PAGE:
As a mother to a teenager – there are issues that keep me up at night when I think about the digital world and what our kids are exposed to these days. According to an article by the Lancet Child & Adolescent Health focusing on Technology and the Digital World: “The internet and the means to access it, such as tablets and smartphones, along with social media platforms and messaging apps, have become integral to the lives of youth around the world. They have transformed their education and learning, the way they make and maintain friendships, how they spend their leisure time, and their engagement with wider society.”
A UNICEF’s State of the World’s Children 2017: Children in a Digital World report has revealed that one in three internet users is younger than 18 years and 71% of 15–24-year-old are online, making them the most connected age group worldwide. There are definitely substantial opportunities that the digital age brings, but it also comes with a diverse range of risks and harms. Digital technologies have increased the scale of child sexual abuse and exploitation. Child sex offenders have increased access to children through unprotected social media profiles and online gaming forums. Technological advances have allowed individual offenders and trafficking rings to evade detection through encrypted platforms and the creation of false identities and have enabled them to pursue multiple victims at the same time.
Young people are not only at risk from adult exploitation; children can also obtain sexual or intimate photos of a peer and share them with or without the individual’s consent. Digital advances have meant that bullying is no longer left at the school gates; cyberbullying is a new method for bullies to hurt and humiliate their victims with the click of a button. Words and images posted online that are designed to cause harm are also difficult to delete, increasing the risk of re-victimisation.
These issues covered in this report are the ones that keeps us parents’ paranoid about the digital world. I think because I almost fall into what is referred to as the “BBT – Born Before Technology” group, as much as I understand how technology helps children to study and learn things that they would otherwise not know without it – I’m still a bit skeptical. The problem comes with understanding the limits of what our kids are exposed to. With my child, we work on a principle of trust – I give her the leeway to use technology and then trust that she will be responsible enough to know what is not good for her and make the right decisions based on the values I taught her. I add in a huge dose of prayer to go with that. There’s a conversation that I heard on Morning Live a while back between Leanne and an interviewee where they said that as parents what we do is to teach our kids the right values then hope and pray that when they are out there in the world alone – they will apply these fundamental principles.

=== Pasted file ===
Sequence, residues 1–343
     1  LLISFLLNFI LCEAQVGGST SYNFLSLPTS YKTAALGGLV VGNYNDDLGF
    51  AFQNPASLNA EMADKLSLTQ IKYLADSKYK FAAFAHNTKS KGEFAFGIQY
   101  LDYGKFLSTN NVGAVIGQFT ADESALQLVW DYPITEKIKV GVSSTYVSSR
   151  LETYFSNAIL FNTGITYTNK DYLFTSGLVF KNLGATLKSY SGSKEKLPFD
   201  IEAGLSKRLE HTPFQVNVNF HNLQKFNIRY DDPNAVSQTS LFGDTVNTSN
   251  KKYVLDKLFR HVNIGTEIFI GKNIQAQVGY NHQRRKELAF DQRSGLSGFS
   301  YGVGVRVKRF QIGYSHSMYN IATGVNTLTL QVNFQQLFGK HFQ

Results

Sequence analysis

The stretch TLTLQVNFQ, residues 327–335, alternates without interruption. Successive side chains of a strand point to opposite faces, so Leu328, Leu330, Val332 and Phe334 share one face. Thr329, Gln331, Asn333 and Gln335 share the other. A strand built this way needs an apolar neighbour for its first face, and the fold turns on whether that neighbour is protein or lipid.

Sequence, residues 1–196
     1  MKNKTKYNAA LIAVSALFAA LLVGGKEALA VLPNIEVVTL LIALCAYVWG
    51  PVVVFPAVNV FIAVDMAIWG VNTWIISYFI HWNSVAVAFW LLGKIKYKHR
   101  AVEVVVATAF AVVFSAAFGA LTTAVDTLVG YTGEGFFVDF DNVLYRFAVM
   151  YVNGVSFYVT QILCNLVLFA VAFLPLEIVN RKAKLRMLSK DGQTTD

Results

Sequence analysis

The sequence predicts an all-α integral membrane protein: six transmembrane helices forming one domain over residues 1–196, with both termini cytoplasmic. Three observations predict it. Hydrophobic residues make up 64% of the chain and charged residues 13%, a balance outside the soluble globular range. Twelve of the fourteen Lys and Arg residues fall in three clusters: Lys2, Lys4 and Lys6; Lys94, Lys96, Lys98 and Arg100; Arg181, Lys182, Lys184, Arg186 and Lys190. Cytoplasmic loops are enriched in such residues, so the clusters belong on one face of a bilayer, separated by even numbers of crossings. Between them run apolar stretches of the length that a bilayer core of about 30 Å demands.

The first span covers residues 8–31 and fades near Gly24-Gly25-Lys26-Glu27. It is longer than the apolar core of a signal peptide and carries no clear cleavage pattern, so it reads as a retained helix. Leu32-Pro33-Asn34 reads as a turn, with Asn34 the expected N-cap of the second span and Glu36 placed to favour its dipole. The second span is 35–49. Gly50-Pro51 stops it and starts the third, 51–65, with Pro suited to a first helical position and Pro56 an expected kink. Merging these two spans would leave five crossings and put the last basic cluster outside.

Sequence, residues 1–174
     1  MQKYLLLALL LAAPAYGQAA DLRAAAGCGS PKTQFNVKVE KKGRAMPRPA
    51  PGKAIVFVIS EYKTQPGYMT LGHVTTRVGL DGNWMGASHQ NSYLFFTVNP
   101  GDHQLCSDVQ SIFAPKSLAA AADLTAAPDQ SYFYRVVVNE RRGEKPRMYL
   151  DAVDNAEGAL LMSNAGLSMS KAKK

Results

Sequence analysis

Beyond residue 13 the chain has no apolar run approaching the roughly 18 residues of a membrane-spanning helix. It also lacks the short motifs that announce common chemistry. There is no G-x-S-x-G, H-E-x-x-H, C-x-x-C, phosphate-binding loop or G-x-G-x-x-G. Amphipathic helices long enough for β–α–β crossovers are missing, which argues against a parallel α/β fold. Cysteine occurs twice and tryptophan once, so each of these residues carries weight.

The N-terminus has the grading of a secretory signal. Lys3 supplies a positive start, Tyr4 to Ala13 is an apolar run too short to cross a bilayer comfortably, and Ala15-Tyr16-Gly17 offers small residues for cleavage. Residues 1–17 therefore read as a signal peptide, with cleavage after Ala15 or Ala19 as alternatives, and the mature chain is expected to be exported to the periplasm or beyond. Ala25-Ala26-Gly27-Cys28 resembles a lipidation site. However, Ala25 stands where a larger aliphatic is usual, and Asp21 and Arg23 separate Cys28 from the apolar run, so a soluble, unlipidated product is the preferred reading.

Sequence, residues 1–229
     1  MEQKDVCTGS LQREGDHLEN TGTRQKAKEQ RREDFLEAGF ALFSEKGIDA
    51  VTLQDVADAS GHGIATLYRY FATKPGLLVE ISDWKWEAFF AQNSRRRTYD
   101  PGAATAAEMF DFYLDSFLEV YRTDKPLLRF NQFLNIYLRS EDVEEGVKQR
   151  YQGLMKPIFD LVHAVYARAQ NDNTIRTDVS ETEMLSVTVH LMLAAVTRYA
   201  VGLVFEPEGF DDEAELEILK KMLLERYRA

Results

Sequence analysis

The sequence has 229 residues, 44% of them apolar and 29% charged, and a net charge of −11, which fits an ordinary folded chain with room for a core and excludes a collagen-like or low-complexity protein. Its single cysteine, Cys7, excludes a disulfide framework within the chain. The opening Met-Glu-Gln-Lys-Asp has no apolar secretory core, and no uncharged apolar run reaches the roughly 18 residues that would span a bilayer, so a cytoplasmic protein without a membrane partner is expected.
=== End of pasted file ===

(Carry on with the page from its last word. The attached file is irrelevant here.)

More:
I know that I cannot babysit my child every minute of the day when it comes to what she looks at in her phone and at some point, I need to let go and trust that she will make the right decisions. As a parent though, this doesn’t stop me from being scared because of the kind of world we live in. The lawlessness in the country alone makes it difficult to trust anything anymore. One of the biggest issues for me is bullying – this is a problem in a physical environment – when I think about the fact that our kids have to endure that in the digital space as well – it really freaks me out.
As scared as I am of the risks when it comes to technology, I also agree with the UNICEF report that “Children and adolescents have the most to gain and are most at risk from digital technologies. They must be at the forefront of national and global digital policies, not only to protect them from online harm but also to allow technology to help them fulfill their full potential.” I think that our role as parents is to have these ongoing conversations with our children and discuss the potential risks so that they can look out for these. It is clear that technology is not going anywhere – instead, it is advancing every day and that it does have a great deal of benefits, but we still need to be cautious because there are unfortunately still a lot of opportunistic predators out there.